Has Google’s Search algorithm been Exposed?

This is Erfan Azimi, an SEO guru and owner of EA Eagle Digital. He says there were some ex Googlers who have exposed some of the inner working of the google search mystery box. Here are some of the main points taken from the Rand Fishkin article on SparkToro.

  • In their early years, Google’s search team recognized a need for full clickstream data (every URL visited by a browser) for a large percent of web users to improve their search engine’s result quality.
  • A system called “NavBoost” (cited by VP of Search, Pandu Nayak, in his DOJ case testimony) initially gathered data from Google’s Toolbar PageRank, and desire for more clickstream data served as the key motivation for creation of the Chrome browser (launched in 2008).
  • NavBoost uses the number of searches for a given keyword to identify trending search demand, the number of clicks on a search result (I ran several experiments on this from 2013-2015), and long clicks versus short clicks (which I presented theories about in this 2015 video).
  • Google utilizes cookie history, logged-in Chrome data, and pattern detection (referred to in the leak as “unsquashed” clicks versus “squashed” clicks) as effective means for fighting manual & automated click spam.
  • NavBoost also scores queries for user intent. For example, certain thresholds of attention and clicks on videos or images will trigger video or image features for that query and related, NavBoost-associated queries.
  • Google examines clicks and engagement on searches both during and after the main query (referred to as a “NavBoost query”). For instance, if many users search for “Rand Fishkin,” don’t find SparkToro, and immediately change their query to “SparkToro” and click SparkToro.com in the search result, SparkToro.com (and websites mentioning “SparkToro”) will receive a boost in the search results for the “Rand Fishkin” keyword.
  • NavBoost’s data is used at the host level for evaluating a site’s overall quality (my anonymous source speculated that this could be what Google and SEOs called “Panda”). This evaluation can result in a boost or a demotion.
  • Other minor factors such as penalties for domain names that exactly match unbranded search queries (e.g. mens-luxury-watches.com or milwaukee-homes-for-sale.net), a newer “BabyPanda” score, and spam signals are also considered during the quality evaluation process.
  • NavBoost geo-fences click data, taking into account country and state/province levels, as well as mobile versus desktop usage. However, if Google lacks data for certain regions or user-agents, they may apply the process universally to the query results.
  • During the Covid-19 pandemic, Google employed whitelists for websites that could appear high in the results for Covid-related searches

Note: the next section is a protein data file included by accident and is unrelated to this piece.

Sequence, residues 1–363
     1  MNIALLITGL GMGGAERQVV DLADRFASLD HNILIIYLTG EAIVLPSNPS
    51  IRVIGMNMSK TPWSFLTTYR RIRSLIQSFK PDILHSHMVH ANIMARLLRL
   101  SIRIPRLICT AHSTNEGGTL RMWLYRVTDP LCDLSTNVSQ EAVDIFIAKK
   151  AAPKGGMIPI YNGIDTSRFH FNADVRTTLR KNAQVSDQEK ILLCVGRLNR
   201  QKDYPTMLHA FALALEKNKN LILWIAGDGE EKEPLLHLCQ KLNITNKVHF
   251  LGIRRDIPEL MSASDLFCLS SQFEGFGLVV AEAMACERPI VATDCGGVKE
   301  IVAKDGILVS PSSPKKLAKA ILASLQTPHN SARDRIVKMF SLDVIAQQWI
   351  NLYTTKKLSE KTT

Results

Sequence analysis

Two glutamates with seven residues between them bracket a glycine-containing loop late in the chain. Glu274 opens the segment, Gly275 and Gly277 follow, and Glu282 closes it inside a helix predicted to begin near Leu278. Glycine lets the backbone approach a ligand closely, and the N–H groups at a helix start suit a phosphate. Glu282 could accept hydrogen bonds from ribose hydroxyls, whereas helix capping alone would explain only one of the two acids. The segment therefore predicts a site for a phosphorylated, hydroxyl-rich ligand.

• Similarly, during democratic elections, Google employed whitelists for sites that should be shown (or demoted) for election-related information

And these are only the tip of the iceberg.

Extraordinary claims require extraordinary evidence. And while some of these overlap with information revealed during the Google/DOJ case (some of which you can read about on this thread from 2020), many are novel and suggest insider knowledge.”

He says that this is how he verified its authenticity.

A critical next step in the process was verifying the authenticity of the API Content Warehouse documents.  So, I reached out to some ex-Googler friends, shared the leaked docs, and asked for their thoughts. Three ex-Googlers wrote back: one said they didn’t feel comfortable looking at or commenting on it. The other two shared the following (off the record and anonymously):

  • “I didn’t have access to this code when I worked there. But this certainly looks legit. “
  • “It has all the hallmarks of an internal Google API.”
  • “It’s a Java-based API. And someone spent a lot of time adhering to Google’s own internal standards for documentation and naming.”
  • “I’d need more time to be sure, but this matches internal documentation I’m familiar with.”
  • “Nothing I saw in a brief review suggests this is anything but legit.”

Next, I needed help analyzing and deciphering the naming conventions and more technical aspects of the documentation. I’ve worked with APIs a bit, but it’s been 20 years since I wrote code and 6 years since I practiced SEO professionally. So, I reached out to one of the world’s foremost technical SEOs: Mike King, founder of iPullRank.

During a 40-minute phone call on Friday afternoon, Mike reviewed the leak and confirmed my suspicions: this appears to be a legitimate set of documents from inside Google’s Search division, and contains an extraordinary amount of previously-unconfirmed information about Google’s inner workings.

2,500 technical documents is an unreasonable amount of material to ask one man (a dad, husband, and entrepreneur, no less) to review in a single weekend. But, that didn’t stop Mike from doing his best.
He’s put together an exceptionally detailed initial review of the Google API leak here, which I’ll reference more in the findings below. And he’s also agreed to join us at SparkTogether 2024 in Seattle, WA on Oct. 8, where he’ll present the fully transparent story of this leak in far greater detail, and with the benefit of the next few months of analysis.

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